Archival collections have particular properties that make physical and intellectual access difficult for researchers. This generates feelings of uncertainty in the researchers leading to a large burden of routine enquiries to the archive. In this thesis I investigate the information-seeking behaviours of archival researchers and the distinct properties of the archive first through the respective literatures and then through a series of five studies. Using systems, data and researchers from The National Archives, these studies examine the nature of the enquiries that archives receive across many channels; the in-person interactions between archivists and researchers in the reading rooms; and the unmediated search behaviours of archival researchers. I proceed to outline the barriers inhibiting research progress and the techniques or ‘regulators’ used by researchers to surmount or mitigate these barriers. In the final two studies I develop and attempt to validate an instrument for measuring uncertainty in information seeking in large digital collections. This three factor (disorientation, prospect and preparedness) scale of archival uncertainty allows improvements to online archival systems to be effectively tested before implementation. I also propose system properties which seem likely to assist researchers to make progress given these factors and which could be tested using this instrument.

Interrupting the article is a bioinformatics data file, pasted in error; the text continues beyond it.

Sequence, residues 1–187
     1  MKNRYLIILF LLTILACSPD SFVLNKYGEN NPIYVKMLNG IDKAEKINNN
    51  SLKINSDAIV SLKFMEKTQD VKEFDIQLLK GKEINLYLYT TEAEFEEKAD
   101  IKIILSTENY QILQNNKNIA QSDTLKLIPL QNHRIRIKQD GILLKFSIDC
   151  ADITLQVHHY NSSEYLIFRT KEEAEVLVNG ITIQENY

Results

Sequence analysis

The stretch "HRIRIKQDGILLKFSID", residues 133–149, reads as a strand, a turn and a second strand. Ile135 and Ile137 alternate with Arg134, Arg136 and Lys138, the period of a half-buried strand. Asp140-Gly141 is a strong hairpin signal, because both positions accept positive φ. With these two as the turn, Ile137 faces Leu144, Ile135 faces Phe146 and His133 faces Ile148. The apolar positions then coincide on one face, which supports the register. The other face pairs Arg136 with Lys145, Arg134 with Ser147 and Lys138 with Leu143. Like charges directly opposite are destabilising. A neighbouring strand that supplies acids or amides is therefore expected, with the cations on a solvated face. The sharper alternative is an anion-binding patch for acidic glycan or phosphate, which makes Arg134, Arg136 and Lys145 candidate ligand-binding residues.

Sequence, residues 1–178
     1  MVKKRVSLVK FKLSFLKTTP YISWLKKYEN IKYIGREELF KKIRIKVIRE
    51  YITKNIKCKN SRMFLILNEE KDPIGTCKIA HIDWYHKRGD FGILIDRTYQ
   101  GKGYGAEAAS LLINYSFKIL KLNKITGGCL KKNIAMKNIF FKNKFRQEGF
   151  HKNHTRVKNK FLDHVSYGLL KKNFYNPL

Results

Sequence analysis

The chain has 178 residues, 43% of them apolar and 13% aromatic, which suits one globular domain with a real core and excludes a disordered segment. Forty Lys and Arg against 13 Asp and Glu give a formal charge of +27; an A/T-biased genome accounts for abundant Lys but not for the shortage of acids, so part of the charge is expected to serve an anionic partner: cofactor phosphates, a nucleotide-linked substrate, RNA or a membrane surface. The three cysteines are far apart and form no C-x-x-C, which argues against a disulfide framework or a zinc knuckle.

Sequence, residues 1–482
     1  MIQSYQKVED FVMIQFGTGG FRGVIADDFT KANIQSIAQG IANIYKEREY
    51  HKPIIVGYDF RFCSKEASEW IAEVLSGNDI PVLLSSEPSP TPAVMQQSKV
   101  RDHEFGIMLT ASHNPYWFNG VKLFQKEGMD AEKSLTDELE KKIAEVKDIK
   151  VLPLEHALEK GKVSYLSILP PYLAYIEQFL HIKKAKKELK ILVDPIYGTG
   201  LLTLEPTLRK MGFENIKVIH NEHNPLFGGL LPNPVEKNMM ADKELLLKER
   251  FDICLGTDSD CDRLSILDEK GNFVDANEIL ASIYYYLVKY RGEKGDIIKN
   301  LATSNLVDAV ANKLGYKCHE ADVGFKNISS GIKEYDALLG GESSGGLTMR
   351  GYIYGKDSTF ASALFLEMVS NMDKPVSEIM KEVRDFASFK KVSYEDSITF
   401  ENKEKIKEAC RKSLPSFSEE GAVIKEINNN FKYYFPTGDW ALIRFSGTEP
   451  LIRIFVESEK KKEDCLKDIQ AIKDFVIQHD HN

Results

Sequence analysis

The research for this thesis was funded by the Engineering and Physical Sciences Research Council (EPSRC).